Sunday, January 08, 2017

Depression and Fear among Muslim Families in Southern California

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Depression and Fear among Muslim Families in Southern California

A Post September 11, 2001 Analysis

By Ian Chand, Ph.D. and Sandy Moghadam, M.S.

April 2004

Islam: “No one of you is a believer until he desires for brother or a sister that which he desires for


Christianity: “All things whatsoever ye would that men should do to you, do ye even so

to them.”

Judaism: “What is hateful to you do not do to your fellow man.”

Buddhism: “Hurt not others in ways that you yourself would find hurtful.”

Hinduism: “Do naught unto others what would cause you pain if done to you.”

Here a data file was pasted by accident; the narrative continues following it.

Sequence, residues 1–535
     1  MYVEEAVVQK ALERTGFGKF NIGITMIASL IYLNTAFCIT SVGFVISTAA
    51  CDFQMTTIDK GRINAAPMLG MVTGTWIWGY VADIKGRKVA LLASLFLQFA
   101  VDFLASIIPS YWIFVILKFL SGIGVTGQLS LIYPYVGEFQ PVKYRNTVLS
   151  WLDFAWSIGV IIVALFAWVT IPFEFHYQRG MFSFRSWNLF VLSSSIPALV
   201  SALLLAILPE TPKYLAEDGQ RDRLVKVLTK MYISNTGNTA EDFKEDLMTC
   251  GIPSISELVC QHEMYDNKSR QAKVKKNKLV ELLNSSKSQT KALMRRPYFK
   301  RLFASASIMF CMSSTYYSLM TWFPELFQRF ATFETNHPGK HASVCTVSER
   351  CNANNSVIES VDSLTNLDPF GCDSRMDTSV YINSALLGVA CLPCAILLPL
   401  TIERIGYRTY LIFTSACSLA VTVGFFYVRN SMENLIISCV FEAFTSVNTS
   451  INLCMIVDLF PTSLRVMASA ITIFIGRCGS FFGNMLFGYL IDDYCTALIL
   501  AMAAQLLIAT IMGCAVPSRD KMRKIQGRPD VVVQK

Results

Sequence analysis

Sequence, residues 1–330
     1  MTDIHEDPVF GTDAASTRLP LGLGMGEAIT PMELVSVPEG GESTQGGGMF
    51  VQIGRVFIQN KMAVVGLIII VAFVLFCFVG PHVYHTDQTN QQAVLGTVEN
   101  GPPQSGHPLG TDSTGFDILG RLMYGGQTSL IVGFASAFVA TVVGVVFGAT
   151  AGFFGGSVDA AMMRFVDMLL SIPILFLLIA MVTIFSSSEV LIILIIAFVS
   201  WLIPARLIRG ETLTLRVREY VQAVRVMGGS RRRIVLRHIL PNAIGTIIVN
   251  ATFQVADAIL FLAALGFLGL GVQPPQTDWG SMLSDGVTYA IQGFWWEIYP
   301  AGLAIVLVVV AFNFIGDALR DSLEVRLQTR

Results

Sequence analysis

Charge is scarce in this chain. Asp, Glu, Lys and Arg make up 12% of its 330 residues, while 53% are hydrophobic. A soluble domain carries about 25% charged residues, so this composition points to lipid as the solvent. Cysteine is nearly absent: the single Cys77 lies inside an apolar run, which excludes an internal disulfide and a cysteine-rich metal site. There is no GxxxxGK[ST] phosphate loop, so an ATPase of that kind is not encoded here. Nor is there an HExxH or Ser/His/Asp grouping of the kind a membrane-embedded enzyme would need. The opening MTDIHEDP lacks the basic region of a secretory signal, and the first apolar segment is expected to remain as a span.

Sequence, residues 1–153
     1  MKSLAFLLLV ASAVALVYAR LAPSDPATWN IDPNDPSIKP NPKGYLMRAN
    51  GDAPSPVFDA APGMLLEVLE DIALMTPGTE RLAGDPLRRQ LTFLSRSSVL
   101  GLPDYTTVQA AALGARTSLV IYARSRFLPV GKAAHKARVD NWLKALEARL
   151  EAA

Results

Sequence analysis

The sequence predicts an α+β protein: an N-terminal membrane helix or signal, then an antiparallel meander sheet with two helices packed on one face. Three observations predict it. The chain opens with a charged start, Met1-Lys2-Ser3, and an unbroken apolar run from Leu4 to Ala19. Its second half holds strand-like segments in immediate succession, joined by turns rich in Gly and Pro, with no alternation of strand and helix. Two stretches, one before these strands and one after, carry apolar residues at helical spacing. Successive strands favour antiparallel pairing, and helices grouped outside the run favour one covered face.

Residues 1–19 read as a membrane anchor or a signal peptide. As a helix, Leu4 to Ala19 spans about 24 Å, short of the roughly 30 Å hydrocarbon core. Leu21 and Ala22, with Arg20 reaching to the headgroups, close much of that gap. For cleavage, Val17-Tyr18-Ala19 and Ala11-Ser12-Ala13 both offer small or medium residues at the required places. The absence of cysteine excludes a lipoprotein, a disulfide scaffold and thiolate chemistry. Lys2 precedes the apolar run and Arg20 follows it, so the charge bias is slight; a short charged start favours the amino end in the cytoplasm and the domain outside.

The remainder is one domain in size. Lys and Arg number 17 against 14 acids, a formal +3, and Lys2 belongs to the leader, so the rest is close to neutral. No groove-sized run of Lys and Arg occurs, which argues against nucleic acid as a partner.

Taoism: “Regard your neighbor’s gain as your own gain and your neighbor’s loss as

your own case.”


The authors of this article aim to raise cultural awareness and cultural sensitivity to

marriage and family therapists by providing knowledge gained from a study of the impact of

September 11, 2001, on Muslim families in Southern California. The authors will look at the

depression and fear as related to such factors as culture, religion, ethnicity, and gender.

Findings reflect the Muslim people experience varying levels of depression and fear when

faced with traumatic events, such as the horrific events of September 11, 2001. The data in

this study were collected and multiple regression statistical analysis were used to examine

the significance or the extent to which factors contributed to imbalances in mental well

being of Muslim families in Southern California. Findings may be helpful to marriage and

family therapists when treating Muslim families.


About M

Editors of MAJALLA.

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